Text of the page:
Kind of a drag they don't sell beer inside the stadium, I mention. His grin widens. "There's a parking lot out there if you need it," Johnson says. "You got to respect our military."

The stadium stereo bids adieu to BYU with the classic "Hit The Road Jack," then moments later launches into "Proud To Be An American," a fitting contrast for this school and this day. The game stats flash on the scoreboard: Not only has Air Force outgained the vaunted Cougars offense 477 yards to 309, but the Falcons' total includes 409 yards rushing.


The following week, Air Force will outgain No. 7 Oklahoma 458-367 in Norman, missing out on a colossal upset by just three points, 27-24 -- the first of Air Force's three losses to teams ranked in the top 10, including a recent 28-23 heartbreaker to Utah. The Falcons' 351 rushing yards are the most a Bob Stoops defense has allowed at Oklahoma -- numbers made all the more impressive when one considers Air Force doesn't have a single 300-pound starter.

But, of course, that's all part of the charm here -- the underdog mentality, a gridiron representation of an armed force's ideals.

"I used to tell my players, 'By God, we're playing for the entire Air Force the world over,'" DeBerry said.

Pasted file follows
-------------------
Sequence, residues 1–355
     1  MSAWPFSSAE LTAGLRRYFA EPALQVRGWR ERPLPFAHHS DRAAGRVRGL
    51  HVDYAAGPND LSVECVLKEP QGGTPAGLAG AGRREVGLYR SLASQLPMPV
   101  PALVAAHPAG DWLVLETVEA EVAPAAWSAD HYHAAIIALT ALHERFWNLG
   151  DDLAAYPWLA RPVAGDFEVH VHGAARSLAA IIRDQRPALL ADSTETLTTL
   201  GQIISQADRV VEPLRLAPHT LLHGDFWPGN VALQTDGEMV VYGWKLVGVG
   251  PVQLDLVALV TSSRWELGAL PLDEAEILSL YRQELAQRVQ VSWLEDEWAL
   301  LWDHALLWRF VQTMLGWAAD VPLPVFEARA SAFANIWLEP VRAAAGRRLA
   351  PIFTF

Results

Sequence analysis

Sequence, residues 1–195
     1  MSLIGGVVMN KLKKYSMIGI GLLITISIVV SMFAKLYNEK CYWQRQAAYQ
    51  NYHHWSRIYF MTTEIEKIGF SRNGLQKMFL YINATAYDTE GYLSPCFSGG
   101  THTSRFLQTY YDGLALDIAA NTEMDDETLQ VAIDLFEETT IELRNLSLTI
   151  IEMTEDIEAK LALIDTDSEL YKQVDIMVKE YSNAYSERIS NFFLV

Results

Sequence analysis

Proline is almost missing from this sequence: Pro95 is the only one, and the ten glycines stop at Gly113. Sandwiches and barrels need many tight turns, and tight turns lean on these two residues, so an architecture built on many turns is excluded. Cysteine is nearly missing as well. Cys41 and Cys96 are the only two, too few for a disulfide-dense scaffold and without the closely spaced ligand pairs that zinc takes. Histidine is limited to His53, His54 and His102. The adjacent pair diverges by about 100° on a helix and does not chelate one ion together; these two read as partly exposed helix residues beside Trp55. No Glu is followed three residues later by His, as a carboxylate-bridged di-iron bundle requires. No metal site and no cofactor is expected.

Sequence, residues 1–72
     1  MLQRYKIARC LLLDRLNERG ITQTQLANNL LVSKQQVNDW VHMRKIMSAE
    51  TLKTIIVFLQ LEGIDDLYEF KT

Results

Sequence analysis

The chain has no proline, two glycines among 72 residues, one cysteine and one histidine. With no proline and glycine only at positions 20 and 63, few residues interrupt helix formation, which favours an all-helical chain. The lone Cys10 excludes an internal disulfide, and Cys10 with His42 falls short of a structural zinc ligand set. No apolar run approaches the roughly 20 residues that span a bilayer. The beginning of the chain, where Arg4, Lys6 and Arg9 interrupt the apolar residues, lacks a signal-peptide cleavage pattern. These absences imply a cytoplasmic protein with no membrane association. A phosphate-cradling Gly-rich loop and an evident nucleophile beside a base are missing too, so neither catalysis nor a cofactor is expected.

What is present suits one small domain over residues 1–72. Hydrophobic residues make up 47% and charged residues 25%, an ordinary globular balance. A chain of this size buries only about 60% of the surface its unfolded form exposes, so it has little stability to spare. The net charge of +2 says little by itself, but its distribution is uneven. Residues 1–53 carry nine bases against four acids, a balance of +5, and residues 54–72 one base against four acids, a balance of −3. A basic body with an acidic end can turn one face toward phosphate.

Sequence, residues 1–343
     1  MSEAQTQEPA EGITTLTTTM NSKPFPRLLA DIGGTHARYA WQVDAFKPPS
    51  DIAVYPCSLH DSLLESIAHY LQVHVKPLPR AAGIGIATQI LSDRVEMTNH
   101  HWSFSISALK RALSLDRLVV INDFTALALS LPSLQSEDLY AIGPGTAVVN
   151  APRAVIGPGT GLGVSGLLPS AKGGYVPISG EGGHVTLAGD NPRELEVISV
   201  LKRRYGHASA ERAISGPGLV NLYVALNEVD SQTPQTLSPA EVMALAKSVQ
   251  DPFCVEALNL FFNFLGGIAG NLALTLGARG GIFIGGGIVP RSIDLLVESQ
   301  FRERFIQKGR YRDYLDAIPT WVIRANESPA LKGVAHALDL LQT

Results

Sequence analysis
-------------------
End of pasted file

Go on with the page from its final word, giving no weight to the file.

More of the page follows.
In carrying out that mantra, DeBerry and the rest of Air Force's devotees have given the old oval that is Falcon Stadium an enduring mystique, beyond that which characterizes the program as a whole.

"Every time I go to a game, I still get chills up my arms and legs when I walk in the stadium," said Lorber, 68, the retired four-star general who took an option pitch into the south end zone 48 years ago. "My heart starts beating a little harder, and even though I'm way too old to play, I'd still like to try it one more time."

Devon O'Neil is a sports and adventure writer in Breckenridge, Colo. He frequently writes about skiing for ESPN.com and has had work published by outlets ranging from the Boston Globe Magazine to Popular Science. His writing, bio and contact information can be found at devononeil.com.

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Devon O'Neil

Writer, Action Sports
O'Neil was raised in the Virgin Islands before dropping anchor to ski, write, and combine the two for profit. He now lives in Breckenridge, Colo.